other partners are major i.e. should not be among the
minors.
When the partnership entered into a contract, the minor
is exempted from liability. The liability would go to other
partners who are major.
Upon attaining the age of majority, he can either affirm or
disaffirm his position as partners. In Malaysia if he affirms
he will be liable for the contract entered during his
minority. The position in England is otherwise.
If the minor disaffirm and he had made some contribution
he cannot claim the contribution made if he had received
any benefit from it.(Steinberg v Scala(Leeds) Ltd)

Lovell and Christmas v Beauchamp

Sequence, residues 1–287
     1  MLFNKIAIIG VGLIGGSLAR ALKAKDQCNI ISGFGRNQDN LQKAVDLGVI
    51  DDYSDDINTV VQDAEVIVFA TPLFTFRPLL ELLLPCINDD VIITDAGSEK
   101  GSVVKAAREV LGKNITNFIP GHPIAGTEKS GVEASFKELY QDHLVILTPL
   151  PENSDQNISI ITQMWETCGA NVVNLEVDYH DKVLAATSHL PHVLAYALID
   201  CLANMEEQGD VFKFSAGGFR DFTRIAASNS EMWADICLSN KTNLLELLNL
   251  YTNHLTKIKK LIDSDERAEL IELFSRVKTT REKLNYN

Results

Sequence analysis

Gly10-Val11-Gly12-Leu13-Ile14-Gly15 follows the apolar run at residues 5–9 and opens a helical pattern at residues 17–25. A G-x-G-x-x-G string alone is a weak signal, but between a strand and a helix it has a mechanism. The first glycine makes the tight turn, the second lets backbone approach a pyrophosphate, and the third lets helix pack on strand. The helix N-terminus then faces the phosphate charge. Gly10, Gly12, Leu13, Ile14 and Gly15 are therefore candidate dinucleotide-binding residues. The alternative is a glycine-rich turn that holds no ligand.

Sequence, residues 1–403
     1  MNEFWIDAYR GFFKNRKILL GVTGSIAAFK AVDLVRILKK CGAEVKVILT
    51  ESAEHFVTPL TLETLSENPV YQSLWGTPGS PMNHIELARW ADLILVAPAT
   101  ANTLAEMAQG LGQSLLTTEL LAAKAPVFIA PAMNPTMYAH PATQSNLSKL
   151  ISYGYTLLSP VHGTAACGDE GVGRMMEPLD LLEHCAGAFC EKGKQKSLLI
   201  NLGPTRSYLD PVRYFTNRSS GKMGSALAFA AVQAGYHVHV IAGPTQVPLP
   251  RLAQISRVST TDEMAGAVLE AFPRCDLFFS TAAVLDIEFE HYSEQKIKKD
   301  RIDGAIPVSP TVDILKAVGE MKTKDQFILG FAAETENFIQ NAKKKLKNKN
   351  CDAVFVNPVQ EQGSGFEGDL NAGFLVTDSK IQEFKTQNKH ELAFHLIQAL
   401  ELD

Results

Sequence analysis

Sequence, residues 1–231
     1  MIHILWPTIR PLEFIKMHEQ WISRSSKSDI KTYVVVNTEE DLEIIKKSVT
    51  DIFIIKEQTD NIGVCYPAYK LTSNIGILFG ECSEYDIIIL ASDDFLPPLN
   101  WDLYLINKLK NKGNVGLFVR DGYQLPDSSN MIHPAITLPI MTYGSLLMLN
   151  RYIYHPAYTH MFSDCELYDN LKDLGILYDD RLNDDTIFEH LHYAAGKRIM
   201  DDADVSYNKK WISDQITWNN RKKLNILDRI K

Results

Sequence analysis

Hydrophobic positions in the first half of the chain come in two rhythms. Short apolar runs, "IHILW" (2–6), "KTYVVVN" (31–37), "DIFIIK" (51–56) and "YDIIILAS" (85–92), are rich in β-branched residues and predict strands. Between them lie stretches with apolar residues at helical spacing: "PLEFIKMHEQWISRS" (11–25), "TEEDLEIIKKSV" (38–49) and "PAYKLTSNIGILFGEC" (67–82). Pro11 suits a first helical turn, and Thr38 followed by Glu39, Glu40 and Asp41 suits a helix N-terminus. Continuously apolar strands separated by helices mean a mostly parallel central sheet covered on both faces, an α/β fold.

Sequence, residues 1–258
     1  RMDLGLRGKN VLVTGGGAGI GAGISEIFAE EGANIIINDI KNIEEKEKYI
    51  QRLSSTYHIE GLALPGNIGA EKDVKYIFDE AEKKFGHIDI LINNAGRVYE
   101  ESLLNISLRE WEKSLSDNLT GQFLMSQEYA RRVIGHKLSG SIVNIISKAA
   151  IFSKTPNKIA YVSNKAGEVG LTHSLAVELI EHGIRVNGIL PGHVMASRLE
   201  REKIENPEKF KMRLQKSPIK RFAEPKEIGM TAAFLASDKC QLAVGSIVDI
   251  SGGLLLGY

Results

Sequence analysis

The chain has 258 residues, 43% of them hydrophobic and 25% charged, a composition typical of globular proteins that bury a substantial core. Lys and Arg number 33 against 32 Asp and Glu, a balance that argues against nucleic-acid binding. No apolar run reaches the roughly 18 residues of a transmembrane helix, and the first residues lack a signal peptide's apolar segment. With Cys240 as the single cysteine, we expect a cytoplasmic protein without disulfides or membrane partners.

Held: A minor can be a partner of


a partnership but can not be
personally be sued for the firms
debt incurred by the minor on
behalf of the firm

Goode v Harrison (1821) 5 B & Ald 147


Held: Minor can enter into partnership until he disaffirms it. If he fails to do so
on attaining majority he will still not liable for contract entered during
minority.
Lovell and Christmas v Beauchamp (1894) AC 607
An action against a firm (whereby one of the partners was an infant) for
supplied goods.
Held: Judgment cannot be recovered against the firm simply but maybe
recovered against the defendants other than the infant partner. So if an act of
bankruptcy is committed a receiving order cannot be made against the firm
simply but against the firm other than the infant.

William Jack & Co(Malaya) Ltd v Chan & Yong Trading Co [1964] MLJ
105
One of the partners was a minor. Plaintiff sued all the partners for the goods
that were sold and delivered. Chan (adult partner) claimed that the goods
bought were for the personal used of the minor and therefore the partners